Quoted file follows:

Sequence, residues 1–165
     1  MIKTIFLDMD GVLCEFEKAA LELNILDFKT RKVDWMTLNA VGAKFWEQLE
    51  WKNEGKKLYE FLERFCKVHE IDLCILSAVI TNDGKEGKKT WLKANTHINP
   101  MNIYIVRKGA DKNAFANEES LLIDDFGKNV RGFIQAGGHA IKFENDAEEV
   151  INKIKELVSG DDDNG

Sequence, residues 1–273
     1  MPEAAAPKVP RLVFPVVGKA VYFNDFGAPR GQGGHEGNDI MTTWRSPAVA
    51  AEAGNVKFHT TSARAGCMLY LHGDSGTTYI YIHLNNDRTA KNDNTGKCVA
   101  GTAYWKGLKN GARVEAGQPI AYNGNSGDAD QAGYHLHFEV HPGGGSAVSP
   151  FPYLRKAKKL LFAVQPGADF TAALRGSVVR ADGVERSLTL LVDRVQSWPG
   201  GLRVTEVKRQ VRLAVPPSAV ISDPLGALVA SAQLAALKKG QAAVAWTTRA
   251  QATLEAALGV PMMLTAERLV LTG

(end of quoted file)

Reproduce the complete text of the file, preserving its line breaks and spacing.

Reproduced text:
Sequence, residues 1–165
     1  MIKTIFLDMD GVLCEFEKAA LELNILDFKT RKVDWMTLNA VGAKFWEQLE
    51  WKNEGKKLYE FLERFCKVHE IDLCILSAVI TNDGKEGKKT WLKANTHINP
   101  MNIYIVRKGA DKNAFANEES LLIDDFGKNV RGFIQAGGHA IKFENDAEEV
   151  INKIKELVSG DDDNG

Sequence, residues 1–273
     1  MPEAAAPKVP RLVFPVVGKA VYFNDFGAPR GQGGHEGNDI MTTWRSPAVA
    51  AEAGNVKFHT TSARAGCMLY LHGDSGTTYI YIHLNNDRTA KNDNTGKCVA
   101  GTAYWKGLKN GARVEAGQPI AYNGNSGDAD QAGYHLHFEV HPGGGSAVSP
   151  FPYLRKAKKL LFAVQPGADF TAALRGSVVR ADGVERSLTL LVDRVQSWPG
   201  GLRVTEVKRQ VRLAVPPSAV ISDPLGALVA SAQLAALKKG QAAVAWTTRA
   251  QATLEAALGV PMMLTAERLV LTG